muchfruit# – 07


This famous phrase, which Alfred Lord Tennyson (1809-1892) placed in the mouth of King Arthur, speaking to the last of his faithful knights, Sir Bridivere, just prior to the King’s death, has an interesting context which may surprise many. It certainly surprised me. The following selection taken from Tennyson’s epic poem – “Morte D’Arthur” provides the setting, which is clearly Roman Catholic reflecting the faith of King Arthur and his Knights of the Round Table – but not shared by Tennyson himself:

“Then spake King Arthur to Sir Bedivere:I have lived my life, and that which I have done May He within Himself make pure! but thou, If thou shouldst never see my face again, Pray for my soul. More things are wrought by prayer Than this world dreams of. Wherefore, let thy voice Rise like a fountain for me night and day. For what are men better than sheep or goatsThat nourish a blind life within the brain, If, knowing God, they lift not hands of prayer Both for themselves and those who call them friend?”

The origin of the phrase, thus explained, relates to two ideas which biblically are distortions of truth at two levels. Firstly, the Bible condemns prayer for a person’s soul after death. The rescue (salvation) of a soul after physical death is never “wrought by prayer” or by anything else for that matter; and secondly it shifts the focus from God to prayer. It is akin to another phrase incorrectly used by preachers and church leaders – “Prayer Changes things” – NO! God changes things and He does it often in harmony with and response to the prayers of His people, and it always supports and never contravenes the clear Bible teaching on prayer. Jesus said, “If you abide in me and my words abide in you, you SHALL ASK WHAT YOU WILL, and it shall be done unto you. Herein is my Father glorified that you BEAR MUCH FRUIT: so shall you be my disciples”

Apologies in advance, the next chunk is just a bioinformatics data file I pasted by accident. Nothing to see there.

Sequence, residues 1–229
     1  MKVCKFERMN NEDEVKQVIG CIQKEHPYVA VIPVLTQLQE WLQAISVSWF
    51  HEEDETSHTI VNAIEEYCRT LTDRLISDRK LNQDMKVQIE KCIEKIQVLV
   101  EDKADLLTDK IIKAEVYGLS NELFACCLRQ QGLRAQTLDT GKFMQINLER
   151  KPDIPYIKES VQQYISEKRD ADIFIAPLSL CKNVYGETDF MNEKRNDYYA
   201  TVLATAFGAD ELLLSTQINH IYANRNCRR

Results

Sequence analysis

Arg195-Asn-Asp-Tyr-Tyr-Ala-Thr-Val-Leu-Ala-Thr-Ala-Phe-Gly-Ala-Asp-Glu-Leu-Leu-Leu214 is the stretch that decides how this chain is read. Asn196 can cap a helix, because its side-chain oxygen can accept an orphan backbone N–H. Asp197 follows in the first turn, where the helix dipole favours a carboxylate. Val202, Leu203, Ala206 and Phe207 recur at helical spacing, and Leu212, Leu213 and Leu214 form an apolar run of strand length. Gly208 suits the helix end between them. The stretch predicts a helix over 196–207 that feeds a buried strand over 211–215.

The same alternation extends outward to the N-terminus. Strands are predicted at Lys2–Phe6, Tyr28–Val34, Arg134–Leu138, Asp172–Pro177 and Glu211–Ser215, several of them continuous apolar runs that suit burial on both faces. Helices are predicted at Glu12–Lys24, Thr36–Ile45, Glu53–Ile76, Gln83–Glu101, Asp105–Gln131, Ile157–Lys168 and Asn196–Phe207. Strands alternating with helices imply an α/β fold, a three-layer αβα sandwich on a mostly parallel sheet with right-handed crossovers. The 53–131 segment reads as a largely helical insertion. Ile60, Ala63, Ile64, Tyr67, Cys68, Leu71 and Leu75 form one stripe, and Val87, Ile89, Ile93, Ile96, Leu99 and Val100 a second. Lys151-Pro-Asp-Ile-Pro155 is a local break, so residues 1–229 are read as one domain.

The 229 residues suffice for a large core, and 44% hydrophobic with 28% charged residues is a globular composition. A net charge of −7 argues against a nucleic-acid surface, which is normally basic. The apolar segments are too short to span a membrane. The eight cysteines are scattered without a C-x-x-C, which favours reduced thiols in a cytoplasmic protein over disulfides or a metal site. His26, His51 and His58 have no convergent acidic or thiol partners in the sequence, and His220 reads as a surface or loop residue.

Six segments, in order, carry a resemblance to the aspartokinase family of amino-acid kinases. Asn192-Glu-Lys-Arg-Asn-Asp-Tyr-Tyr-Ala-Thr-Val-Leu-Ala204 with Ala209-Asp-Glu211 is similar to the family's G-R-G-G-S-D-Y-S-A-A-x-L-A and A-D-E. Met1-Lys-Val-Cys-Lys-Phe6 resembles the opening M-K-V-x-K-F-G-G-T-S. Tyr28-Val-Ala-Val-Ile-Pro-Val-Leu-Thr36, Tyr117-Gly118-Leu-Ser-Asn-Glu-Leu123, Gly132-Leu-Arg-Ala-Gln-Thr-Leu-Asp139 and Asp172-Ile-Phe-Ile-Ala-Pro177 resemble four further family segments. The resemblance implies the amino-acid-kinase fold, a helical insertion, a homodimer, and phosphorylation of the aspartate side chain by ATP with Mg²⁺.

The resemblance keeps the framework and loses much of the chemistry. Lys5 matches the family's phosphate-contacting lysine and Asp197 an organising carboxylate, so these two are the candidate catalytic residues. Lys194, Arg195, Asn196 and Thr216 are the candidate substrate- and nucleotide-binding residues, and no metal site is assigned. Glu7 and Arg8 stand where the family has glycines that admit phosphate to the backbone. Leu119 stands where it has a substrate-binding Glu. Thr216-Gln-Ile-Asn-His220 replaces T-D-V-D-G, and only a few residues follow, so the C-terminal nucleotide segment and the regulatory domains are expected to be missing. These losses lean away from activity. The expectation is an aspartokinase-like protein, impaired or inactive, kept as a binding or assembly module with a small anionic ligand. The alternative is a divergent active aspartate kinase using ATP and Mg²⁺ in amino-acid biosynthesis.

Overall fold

Prayer is the soul’s sincere desire,
Unuttered or exprest,
The motion of a hidden fire
That trembles in the breast.

Prayer is the burden of a sigh,
The falling of a tear,
The upward glancing of an eye,
When none but God is near.

Prayer is the simplest form of speech
That infant lips can try;
Prayer the sublimest strains that reach
The Majesty on high.

Prayer is the contrite sinner’s voice
Returning from his ways,
While angels in their songs rejoice
And cry, “Behold, he prays!”

Prayer is the Christian’s vital breath,
The Christian’s native air,
His watchword at the gates of death–
He enters heaven with prayer.

The saints in prayer appear as one
In word and deed and mind,
While with the Father and the Son
Sweet fellowship they find.

Nor prayer is made by man alone–
The Holy Spirit pleads,
And Jesus on th’ eternal throne
For sinners intercedes.

O Thou by whom we come to God,
The Life, the Truth, the Way,
The path of prayer Thyself hast trod–
Lord, teach us how to pray.

Taken from – “Prayer is the Soul’s Sincere Desire” by James Montgomery, 1771-1854              Text From: THE LUTHERAN HYMNAL (St. Louis: Concordia Publishing House, 1941)

God bless you as New Year’s Day is half way through “down-under”
Happy (BLESSED) New Year from Brisbane, Australia.

Philip L. and Kathleen Powell, family and friends from Christian Witness Fellowship.

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